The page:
You can also get nested system.slice cgroups for dbus services:
├─system-dbus\x2d:1.14\x2dorg.freedesktop.problems.slice │ └─dbus-:firstname.lastname@example.org
Inspecting the actual cgroups in /sys/fs/cgroup may also show you <thing>.mount, <thing>.socket, and <thing>.swap cgroups. Under rare circumstances you may also see a 'system-systemd\x2dfsck.slice' cgroup with one or more .service cgroups for fscks of specific devices.
Now that I've looked at all of this, my view is that if I'm generating resource usage metrics, I want to stop one level down from the top level user and system slices in the cgroup hierarchy (which means I will get 'system-oidentd.slice' but not the individually named socket activations). This captures most everything interesting and mostly doesn't risk cardinality explosions from templated units. Virtual machines under machine.slice need extra handling for cardinality, because the 'machine-qemu-<N>-[...]' is a constantly incrementing sequence number; I'll need to take that out somehow.
If I'm reporting on the fly on resource usage, it's potentially interesting to break user slices down into each session scope and then the user@<UID>.service. Being detailed under the user service runs into issues because there's so much potential variety in how processes are broken up into cgroups. I'd definitely want to be selective about what cgroups I report on so that only ones with interesting resource usage show up in the report.
Sidebar: User cgroups on GNOME and perhaps KDE desktops
You may remember my bad experience with systemd-oomd, where it killed my entire desktop session. Apparently one reason for systemd-oomd's behavior is that on a modern GNOME desktop, a lot of applications are confined into separate cgroups, so if (for example) your Firefox runs away with memory, systemd-oomd will only kill its cgroup, not your entire session-<NNN>.scope cgroup. On Fedora 36, this appears to look like this:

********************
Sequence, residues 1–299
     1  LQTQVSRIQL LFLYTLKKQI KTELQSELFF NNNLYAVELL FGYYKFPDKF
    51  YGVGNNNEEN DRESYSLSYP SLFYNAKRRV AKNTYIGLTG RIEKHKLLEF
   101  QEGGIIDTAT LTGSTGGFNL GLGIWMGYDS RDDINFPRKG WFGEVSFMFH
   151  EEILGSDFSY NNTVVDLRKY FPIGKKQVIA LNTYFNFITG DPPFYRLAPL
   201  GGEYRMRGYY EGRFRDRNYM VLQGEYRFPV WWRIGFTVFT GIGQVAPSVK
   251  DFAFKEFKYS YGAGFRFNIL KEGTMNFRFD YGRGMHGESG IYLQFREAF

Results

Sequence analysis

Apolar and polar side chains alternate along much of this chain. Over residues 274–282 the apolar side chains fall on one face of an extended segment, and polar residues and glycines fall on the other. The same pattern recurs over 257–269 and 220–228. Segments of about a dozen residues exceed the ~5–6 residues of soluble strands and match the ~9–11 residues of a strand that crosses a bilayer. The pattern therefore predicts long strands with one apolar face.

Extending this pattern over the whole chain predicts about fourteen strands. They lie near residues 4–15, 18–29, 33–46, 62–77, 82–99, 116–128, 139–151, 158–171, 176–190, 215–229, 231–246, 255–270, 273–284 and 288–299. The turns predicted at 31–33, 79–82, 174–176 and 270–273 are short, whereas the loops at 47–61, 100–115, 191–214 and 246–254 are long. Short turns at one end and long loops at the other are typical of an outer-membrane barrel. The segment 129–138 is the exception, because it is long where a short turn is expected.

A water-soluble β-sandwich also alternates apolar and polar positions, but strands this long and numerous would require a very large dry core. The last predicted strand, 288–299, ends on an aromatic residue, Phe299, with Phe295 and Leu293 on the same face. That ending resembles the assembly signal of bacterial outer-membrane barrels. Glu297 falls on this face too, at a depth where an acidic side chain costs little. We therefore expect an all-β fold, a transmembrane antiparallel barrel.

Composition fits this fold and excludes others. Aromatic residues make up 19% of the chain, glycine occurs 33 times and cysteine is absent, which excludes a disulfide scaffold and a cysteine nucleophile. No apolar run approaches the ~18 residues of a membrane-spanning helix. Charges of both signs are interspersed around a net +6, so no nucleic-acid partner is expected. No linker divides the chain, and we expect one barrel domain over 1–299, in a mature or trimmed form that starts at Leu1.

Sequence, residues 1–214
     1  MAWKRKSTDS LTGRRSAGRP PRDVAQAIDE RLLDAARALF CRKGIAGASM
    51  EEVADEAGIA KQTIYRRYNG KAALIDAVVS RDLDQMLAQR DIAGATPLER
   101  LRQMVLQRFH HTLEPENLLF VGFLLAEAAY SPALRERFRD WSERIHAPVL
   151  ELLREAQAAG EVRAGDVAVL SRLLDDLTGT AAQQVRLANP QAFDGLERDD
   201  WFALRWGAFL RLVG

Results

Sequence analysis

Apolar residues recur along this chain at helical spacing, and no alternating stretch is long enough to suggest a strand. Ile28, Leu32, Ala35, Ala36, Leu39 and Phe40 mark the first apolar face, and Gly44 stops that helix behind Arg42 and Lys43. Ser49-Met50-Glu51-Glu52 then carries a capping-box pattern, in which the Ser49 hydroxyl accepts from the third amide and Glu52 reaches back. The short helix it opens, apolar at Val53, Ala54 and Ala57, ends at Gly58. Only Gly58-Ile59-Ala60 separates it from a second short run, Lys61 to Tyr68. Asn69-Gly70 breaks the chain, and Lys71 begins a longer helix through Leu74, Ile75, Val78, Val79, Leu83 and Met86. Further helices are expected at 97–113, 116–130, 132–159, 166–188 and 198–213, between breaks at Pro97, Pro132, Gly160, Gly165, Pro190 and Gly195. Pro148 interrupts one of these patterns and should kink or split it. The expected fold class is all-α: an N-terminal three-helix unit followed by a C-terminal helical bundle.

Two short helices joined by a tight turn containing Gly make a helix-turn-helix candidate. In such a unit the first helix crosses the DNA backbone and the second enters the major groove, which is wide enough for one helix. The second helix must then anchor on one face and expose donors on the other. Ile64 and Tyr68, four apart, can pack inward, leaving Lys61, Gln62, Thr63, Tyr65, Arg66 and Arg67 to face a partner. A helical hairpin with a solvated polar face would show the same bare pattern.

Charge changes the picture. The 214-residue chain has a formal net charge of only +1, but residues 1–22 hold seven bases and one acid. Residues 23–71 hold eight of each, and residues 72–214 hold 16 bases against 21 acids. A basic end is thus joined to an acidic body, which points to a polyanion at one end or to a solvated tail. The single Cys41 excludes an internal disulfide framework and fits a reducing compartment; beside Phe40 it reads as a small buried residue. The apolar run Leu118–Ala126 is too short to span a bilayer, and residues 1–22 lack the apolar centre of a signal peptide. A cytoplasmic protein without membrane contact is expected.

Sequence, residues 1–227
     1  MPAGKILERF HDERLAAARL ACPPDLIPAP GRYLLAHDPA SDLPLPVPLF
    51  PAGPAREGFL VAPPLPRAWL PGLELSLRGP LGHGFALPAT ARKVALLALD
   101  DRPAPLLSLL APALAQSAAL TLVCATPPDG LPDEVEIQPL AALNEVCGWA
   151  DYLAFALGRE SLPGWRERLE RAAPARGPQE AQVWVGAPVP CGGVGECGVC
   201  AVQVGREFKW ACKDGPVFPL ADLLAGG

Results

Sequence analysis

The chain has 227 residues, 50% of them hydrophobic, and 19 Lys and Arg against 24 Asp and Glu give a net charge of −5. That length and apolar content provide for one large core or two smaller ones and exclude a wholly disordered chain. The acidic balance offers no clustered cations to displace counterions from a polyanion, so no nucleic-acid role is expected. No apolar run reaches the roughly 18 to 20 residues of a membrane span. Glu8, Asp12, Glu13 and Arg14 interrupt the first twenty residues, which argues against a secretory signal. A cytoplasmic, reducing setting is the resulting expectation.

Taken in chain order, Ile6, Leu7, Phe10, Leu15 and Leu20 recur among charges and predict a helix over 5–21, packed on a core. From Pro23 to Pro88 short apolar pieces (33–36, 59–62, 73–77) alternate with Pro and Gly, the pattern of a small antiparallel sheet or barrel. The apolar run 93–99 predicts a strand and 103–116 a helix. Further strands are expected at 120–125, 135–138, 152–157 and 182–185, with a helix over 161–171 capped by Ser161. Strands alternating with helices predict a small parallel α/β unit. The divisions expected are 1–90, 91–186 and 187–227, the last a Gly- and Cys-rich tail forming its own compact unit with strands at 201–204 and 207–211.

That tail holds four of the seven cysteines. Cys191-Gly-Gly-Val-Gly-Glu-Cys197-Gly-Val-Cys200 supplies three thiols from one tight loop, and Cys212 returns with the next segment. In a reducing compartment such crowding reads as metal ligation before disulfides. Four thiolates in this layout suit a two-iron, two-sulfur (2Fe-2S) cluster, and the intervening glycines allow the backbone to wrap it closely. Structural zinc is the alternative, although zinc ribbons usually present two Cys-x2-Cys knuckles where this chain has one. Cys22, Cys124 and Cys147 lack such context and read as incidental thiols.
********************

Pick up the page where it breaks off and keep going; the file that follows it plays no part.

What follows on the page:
│ ├─app.slice [...] │ │ ├─app-cgroupify.slice │ │ │ └─email@example.com │ │ │ └─ 2845 /usr/libexec/cgroupify app-gnome-firefox-2838.scope [...] │ │ ├─app-gnome-firefox-2838.scope │ │ │ ├─3028 │ │ │ │ └─ 3028 /usr/lib64/firefox/firefox -contentproc [...] │ │ │ ├─3024 │ │ │ │ └─ 3024 /usr/lib64/firefox/firefox -contentproc [...] [...]
Gnome terminal sessions also have a complex structure:
│ │ ├─app-org.gnome.Terminal.slice (#10028) │ │ │ ├─vte-spawn-04ae3315-d673-47fc-a31e-f657648a0146.scope (#10774) │ │ │ │ ├─ 2625 bash │ │ │ │ ├─ 2654 systemd-cgls │ │ │ │ └─ 2655 less │ │ │ └─gnome-terminal-server.service (#10508) │ │ │ └─ 2478 /usr/libexec/gnome-terminal-server
And then there's:
│ │ ├─app-gnome\x2dsession\x2dmanager.slice (#5885) │ │ │ └─firstname.lastname@example.org │ │ │ └─ 1663 /usr/libexec/gnome-session-binary [...]
So a GNOME desktop can have a lot of nested things in a session or under an app.slice.
The Fedora 36 Cinnamon desktop doesn't seem to go as far as this, with a bunch of things still running in the 'session-NNN.scope' unit, but it does seem to do some things to split Firefox and other processes off into their own systemd units and cgroups.
(Cgroupify apparently comes from the uresourced RPM package.)